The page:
Tamati Williams had a busy night in Yokohama. The Auckland City goalkeeper repelled wave after wave of attack from Japanese champions Sanfrecce Hiroshima’s ruthless strikers, batting away crosses and shots from point-blank range, amid a wide array of attacking play from the home side.

Williams’ exertions kept the Oceania part-timers alive and in the game, as they say, against far superior opposition. “It’s bittersweet for me,” said Williams, 28 years old - tall, lean and athletic. “I was happy with the way I played,” he said, before adding, wistfully, under his breath: “except for the goal.”

It was the only goal of the match and it came just seconds after Williams, whose save-count ran into double digits on the cold night in Yokohama, pulled off a fabulous double-stop to deny Koji Morisaki and then Yojiro Takahagi. Williams’ team-mate Andrew Milne accurately described the goal, scored by Toshihiro Aoyama, “a wonder-strike, unstoppable.” It flew up and over Williams’ head, into the top corner. If the keeper was a few feet too far off his line, it was his only mistake on the night.

“He was fantastic,” said City’s Spanish-born coach Ramon Tribulietx. The Spaniard controversially benched Jacob Spoonley, City’s outstanding No1 from last year’s Club World Cup, in favour of recent recruit Tamati. “He rescued us more than a few times.”

Tamati really kept us in the game out there.

Auckland City captain Vicelich on Williams

Auckland captain, the 36-year-old Ivan Vicelich, who had a long professional career in the Dutch top flight, was equally effusive in his praise of his goalkeeper. “He pulled off some spectacular saves out there, and that’s what it takes when you’re the underdog, you need players to step up and put in big performances,” said New Zealand’s most-capped player, who lined up in New Zealand’s undefeated run at the 2010 FIFA World Cup™ in South Africa. “Tamati really kept us in the game out there.”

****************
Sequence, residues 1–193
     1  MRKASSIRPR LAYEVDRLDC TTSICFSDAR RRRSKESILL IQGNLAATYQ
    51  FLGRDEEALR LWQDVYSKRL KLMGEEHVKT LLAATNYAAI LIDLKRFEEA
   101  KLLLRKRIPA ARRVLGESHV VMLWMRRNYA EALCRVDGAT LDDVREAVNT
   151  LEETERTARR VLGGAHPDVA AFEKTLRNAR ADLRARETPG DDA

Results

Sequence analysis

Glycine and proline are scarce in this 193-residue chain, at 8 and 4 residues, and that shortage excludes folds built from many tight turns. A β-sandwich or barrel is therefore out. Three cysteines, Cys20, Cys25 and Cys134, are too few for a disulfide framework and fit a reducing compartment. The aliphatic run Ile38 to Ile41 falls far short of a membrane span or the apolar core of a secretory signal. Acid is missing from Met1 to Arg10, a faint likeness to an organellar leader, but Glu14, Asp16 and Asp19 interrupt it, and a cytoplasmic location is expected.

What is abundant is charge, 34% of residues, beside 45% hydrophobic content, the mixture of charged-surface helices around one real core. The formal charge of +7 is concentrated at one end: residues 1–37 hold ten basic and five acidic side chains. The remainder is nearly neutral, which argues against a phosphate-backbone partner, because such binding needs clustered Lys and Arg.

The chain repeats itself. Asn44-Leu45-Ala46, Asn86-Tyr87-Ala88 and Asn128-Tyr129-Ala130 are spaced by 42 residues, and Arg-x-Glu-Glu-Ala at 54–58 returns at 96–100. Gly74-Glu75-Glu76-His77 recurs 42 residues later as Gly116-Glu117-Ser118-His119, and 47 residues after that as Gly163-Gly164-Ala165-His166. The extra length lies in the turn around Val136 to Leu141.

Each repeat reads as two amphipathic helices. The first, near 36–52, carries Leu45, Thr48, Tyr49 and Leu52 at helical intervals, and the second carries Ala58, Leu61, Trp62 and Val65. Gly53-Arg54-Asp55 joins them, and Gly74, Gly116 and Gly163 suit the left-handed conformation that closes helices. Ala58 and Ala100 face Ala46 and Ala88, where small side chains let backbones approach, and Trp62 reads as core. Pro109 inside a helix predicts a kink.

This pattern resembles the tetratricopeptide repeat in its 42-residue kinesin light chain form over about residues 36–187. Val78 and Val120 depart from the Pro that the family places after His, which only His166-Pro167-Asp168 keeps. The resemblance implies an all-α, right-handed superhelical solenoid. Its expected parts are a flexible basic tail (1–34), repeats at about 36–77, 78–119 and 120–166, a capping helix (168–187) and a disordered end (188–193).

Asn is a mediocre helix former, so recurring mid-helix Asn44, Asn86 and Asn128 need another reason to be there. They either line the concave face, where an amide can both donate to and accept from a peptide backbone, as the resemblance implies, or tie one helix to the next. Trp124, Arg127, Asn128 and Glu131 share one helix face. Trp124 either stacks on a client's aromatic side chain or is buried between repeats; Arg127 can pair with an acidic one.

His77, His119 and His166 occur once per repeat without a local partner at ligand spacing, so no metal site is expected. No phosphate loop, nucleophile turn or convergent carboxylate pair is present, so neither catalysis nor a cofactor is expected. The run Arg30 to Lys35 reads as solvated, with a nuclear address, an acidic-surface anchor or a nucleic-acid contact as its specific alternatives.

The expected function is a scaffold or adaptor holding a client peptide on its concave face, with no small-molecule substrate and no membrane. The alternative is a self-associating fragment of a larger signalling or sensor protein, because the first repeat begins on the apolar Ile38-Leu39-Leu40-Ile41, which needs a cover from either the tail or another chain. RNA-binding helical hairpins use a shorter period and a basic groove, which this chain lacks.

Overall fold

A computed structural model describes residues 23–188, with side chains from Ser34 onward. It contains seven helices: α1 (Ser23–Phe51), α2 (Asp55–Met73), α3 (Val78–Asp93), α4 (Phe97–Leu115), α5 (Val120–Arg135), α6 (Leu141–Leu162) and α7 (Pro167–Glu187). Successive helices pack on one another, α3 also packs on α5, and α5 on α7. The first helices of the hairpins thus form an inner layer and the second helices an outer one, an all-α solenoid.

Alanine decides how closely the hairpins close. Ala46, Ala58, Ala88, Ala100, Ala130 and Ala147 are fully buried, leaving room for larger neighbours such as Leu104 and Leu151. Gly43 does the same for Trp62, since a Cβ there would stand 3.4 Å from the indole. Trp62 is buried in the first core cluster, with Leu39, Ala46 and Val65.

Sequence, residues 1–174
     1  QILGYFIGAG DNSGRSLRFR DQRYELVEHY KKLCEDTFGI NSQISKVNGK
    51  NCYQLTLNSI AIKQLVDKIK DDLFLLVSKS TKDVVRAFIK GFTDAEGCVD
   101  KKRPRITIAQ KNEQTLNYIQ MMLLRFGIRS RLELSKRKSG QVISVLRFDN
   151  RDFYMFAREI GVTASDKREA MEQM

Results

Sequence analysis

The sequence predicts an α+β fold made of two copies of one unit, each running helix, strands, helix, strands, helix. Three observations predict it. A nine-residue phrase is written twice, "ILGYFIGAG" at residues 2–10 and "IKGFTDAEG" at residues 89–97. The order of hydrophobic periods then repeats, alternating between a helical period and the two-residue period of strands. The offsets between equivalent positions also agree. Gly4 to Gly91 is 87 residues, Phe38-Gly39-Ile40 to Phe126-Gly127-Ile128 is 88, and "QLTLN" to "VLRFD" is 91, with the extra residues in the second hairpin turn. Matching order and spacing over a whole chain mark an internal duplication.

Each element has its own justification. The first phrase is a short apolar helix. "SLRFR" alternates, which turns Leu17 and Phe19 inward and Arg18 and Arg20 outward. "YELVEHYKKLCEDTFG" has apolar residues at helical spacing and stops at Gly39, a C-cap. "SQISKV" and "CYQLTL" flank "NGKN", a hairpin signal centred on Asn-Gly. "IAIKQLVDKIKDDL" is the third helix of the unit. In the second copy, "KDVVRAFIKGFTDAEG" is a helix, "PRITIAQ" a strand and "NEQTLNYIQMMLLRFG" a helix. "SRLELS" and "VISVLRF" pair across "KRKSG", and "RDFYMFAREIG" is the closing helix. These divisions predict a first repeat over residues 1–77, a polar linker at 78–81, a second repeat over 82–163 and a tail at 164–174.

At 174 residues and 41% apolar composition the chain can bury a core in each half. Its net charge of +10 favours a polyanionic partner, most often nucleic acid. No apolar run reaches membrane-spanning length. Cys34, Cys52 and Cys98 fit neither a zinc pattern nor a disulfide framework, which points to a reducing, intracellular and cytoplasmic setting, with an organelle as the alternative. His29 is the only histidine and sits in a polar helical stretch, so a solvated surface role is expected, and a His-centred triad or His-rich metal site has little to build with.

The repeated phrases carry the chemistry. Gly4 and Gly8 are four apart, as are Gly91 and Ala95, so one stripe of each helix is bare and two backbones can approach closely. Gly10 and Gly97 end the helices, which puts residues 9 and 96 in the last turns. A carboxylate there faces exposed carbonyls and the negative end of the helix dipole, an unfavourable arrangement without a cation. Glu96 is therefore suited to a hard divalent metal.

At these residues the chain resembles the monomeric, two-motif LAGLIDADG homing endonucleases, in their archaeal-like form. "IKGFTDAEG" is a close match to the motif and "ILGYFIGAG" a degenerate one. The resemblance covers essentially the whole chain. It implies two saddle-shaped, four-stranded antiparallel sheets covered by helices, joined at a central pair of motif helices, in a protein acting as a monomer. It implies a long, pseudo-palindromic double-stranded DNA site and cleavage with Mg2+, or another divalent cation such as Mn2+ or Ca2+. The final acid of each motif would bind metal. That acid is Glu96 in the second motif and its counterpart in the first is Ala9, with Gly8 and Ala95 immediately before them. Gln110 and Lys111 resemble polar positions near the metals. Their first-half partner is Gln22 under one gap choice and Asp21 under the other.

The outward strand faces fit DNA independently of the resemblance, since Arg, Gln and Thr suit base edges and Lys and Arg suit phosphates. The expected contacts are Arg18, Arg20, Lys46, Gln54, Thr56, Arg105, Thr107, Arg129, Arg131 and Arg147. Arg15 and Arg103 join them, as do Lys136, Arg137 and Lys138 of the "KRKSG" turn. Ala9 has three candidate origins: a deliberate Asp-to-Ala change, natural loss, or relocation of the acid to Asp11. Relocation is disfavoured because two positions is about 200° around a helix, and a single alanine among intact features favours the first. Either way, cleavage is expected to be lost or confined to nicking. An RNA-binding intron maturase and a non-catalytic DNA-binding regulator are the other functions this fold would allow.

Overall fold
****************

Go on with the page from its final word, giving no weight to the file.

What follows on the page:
Model, footballer, veterinarian?
Thursday night wasn’t Williams’ first time in the spotlight – not by a long measure. He spent his early twenties as a fashion model, travelling the world. “I lived in Milan, Paris and New York. I was all over the place for modelling gigs. I loved it,” he said. “But it meant I had to put football on the back burner a bit, and that was hard.”

Now, though, Williams is back and focusing on his football. “I started to get back into the game recently and focus more on it,” said the goalkeeper. “So it’s the modelling that’s now on the back burner. I’m a part of what Auckland City is trying to do and I couldn’t be happier.”

He admits that he would entertain offers from professional clubs, perhaps tempting him abroad again, away from Auckland’s relaxed environs for reasons of football this time, rather than modelling. “If something like that happened, that’d be great…but I really want to be a veterinarian,” he adds, almost nonchalantly, “I’m in school studying biological sciences, so I can hopefully make that a reality. I guess you could say I have a lot of things going on at the moment,” he added, with a coy smile and the carefree laugh of a man with many, many options.


He rescued us more than a few times.

Auckland coach Ramon Tribulietx

Williams and his teammates need to focus on the current domestic campaign though. If the veterans of four FIFA Club World Cups want to return to the tournament next year in Morocco, they need to firstly take the honours in New Zealand’s all-amateur top flight.

“Here we are playing in a stadium where a World Cup Final was played, against the Japanese champions in front of 25,000 fans,” Williams said, hanging on to memories of that brightly lit stage. “Now, in a few days we have to go to play Manawatu on their bumpy pitch. I mean no disrespect to Manawatu, but they are weak, and it sure is quite a contrast.”

The tall keeper was the last man through the mixed zone after the match, Auckland’s first and last of the 2012 Club World Cup. After a shake of the hand and a smile, he drifted through the quiet belly of the Yokohama-International stadium and off, past the cameramen packing their equipment and the Japanese journalists typing away fervently about the triumphant men from Hiroshima.